SALEM, Ore. (AP) — Authorities have released 21 people protesting a planned liquefied natural gas pipeline who were arrested Thursday night during a sit-in at the governor’s office in the Oregon State Capitol.
The demonstrators opposed to the pipeline and a marine export terminal in Oregon demanded that Gov. Kate Brown publicly oppose the project, which she refused to do.
Southern Oregon Rising Tide, which organized the protest, said the 21 arrested by Oregon State Police spent the night in jail and were out by 5 a.m. Friday. In a statement the Oregon State Police said the 21 were arrested on trespassing charges after being asked to leave.
The proposed marine terminal, in Coos Bay, would allow export of American liquid natural gas to Asia, and would have a 230-mile (370-kilometer) feeder pipeline from an interstate gas hub in southern Oregon’s Klamath County.
A federal agency has issued a final environmental impact statement on the controversial proposal to build the pipeline and it concluded that there would be no significant impact on the state’s waters, wildlife and minimal risk of a pipeline accident.
The lengthy report was issued earlier this month by the Federal Energy Regulatory Commission. On Thursday protesters flooded into the Oregon State Capitol and staged a sit-in at the governor’s office before police arrested 21 of them for trespassing. The protesters, who demanded Brown take a public stand against the pipeline, were jailed overnight and released early Friday.
Brown, a Democrat, refused to oppose the project that the protesters say will encourage further use of fossil fuels that leads to global warming, and risk spoiling the land and ocean with spills.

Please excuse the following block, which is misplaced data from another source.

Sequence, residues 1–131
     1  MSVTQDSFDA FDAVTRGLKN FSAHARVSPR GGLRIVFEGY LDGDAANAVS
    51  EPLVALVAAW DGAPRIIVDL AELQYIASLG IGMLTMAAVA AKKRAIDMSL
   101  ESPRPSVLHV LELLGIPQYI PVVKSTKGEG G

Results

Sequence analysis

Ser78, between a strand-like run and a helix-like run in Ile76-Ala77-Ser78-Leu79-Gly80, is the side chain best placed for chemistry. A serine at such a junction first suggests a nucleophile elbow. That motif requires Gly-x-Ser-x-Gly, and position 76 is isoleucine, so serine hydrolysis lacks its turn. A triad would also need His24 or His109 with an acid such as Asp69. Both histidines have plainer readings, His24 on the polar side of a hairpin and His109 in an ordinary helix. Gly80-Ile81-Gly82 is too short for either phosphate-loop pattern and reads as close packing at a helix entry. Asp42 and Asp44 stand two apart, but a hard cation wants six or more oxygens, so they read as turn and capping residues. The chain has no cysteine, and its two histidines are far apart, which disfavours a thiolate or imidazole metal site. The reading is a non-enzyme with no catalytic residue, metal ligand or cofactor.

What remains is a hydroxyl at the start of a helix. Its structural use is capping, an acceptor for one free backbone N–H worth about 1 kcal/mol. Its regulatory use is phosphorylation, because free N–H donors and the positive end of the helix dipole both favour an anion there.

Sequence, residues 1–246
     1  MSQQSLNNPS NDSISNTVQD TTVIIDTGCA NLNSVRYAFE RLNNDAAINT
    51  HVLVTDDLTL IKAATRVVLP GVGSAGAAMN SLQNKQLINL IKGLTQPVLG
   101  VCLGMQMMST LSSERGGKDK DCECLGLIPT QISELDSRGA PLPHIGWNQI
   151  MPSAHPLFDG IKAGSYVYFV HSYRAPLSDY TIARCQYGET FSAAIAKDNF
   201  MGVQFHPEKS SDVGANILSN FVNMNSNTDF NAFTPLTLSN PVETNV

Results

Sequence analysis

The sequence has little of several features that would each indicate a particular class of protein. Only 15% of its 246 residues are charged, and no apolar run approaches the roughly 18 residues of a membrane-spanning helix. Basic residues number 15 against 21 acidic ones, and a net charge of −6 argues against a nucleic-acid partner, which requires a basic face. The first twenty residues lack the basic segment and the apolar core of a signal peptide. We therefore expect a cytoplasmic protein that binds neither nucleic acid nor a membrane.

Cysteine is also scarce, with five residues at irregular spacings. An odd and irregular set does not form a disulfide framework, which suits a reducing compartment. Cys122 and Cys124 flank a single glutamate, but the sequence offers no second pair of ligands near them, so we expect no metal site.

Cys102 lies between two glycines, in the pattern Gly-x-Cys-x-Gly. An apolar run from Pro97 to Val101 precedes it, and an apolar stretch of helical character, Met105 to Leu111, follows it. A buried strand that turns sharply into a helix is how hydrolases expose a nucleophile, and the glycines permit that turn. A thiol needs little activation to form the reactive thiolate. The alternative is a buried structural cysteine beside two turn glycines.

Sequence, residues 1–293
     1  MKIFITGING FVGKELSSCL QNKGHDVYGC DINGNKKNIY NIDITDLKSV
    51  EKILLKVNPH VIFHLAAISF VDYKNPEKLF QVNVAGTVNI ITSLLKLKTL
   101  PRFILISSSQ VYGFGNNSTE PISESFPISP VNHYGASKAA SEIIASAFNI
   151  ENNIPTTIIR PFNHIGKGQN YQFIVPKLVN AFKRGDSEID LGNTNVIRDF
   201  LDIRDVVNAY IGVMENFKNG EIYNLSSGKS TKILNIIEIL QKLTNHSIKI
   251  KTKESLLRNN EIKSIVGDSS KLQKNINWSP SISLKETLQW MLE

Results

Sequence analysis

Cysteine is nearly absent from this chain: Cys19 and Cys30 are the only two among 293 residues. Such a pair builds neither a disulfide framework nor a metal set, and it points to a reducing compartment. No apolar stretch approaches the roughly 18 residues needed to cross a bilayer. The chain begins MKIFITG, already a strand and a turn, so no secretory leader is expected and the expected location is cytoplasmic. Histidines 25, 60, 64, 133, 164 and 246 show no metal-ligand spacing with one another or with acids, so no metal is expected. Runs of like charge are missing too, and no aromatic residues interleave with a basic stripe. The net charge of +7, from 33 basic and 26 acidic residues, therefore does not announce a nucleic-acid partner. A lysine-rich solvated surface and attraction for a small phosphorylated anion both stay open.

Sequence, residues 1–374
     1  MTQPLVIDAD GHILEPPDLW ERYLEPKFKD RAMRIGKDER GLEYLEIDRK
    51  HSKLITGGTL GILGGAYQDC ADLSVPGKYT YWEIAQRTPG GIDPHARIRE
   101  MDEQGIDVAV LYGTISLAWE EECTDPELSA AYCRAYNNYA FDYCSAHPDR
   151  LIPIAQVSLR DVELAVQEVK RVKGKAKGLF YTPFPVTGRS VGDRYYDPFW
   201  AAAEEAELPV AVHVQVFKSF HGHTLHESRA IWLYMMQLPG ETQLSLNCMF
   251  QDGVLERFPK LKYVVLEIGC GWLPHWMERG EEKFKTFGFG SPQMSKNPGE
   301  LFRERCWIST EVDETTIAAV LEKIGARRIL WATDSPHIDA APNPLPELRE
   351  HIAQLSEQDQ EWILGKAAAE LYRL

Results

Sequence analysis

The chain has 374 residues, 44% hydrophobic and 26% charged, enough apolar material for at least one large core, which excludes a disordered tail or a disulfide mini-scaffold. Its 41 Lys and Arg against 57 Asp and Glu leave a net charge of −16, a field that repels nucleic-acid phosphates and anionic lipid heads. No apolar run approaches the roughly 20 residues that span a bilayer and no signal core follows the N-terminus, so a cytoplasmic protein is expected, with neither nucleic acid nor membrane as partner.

The Federal Energy Regulatory Commission’s final impact statement said it believes the Canadian company behind the Jordan Cove Project, Pembina Pipeline Corporation, will manage risks. Pembina Pipeline Corporation says the project will bring investments, property tax revenue and jobs.
The proposed marine terminal, in Coos Bay, Oregon, would allow export of American liquid natural gas to Asia, and would have a 230-mile (370-kilometer) feeder pipeline from an interstate gas hub in southern Oregon’s Klamath County.
The federal agency said that before construction, Jordan Cove should file spill containment system drawings showing containment for all hazardous fluids including all liquids handled above their flashpoint.
Over 600 species of terrestrial and aquatic wildlife live in the project area. Constructing and operating the project would temporarily and permanently affect these species, including amphibians, reptiles, birds, fish, and mammals, the impact statement said.
“Displacement, and impacts on other behaviors as well as the loss of habitat would increase the rates of stress, injury, and mortality experienced by wildlife,” the report said. But mitigation projects proposed by the Jordan Cove and required by the Forest Service means the project would not significantly impact wildlife and aquatic resources, the agency said.
Jared Margolis, senior attorney with the Center for Biological Diversity, said the group is concerned about what it called a lack of adequate analysis on several aspects of the project.
“Jordan Cove would be a disaster for local streams and rivers that people and wildlife rely on, but regulators appear willing to ignore these impacts to bring dirty fracked gas to market,” Margolis said.
In a statement, the company said the final environmental impact statement “represents a significant step forward for this investment in Oregon.”
The impact statement represents the final step in the federal environmental review process before an order is issued by the Federal Energy Regulatory Commission approving the project, expected in February 2020, Jordan Cove said.
People opposed to the project have vowed to keep up protests, and recalled the demonstrations against a pipeline in North Dakota.
The project is still undergoing permitting processes by the state. But in August, the Trump Administration in proposed streamlining approval of gas pipelines and other energy projects by limiting states’ certification authorities under the Clean Water Act.
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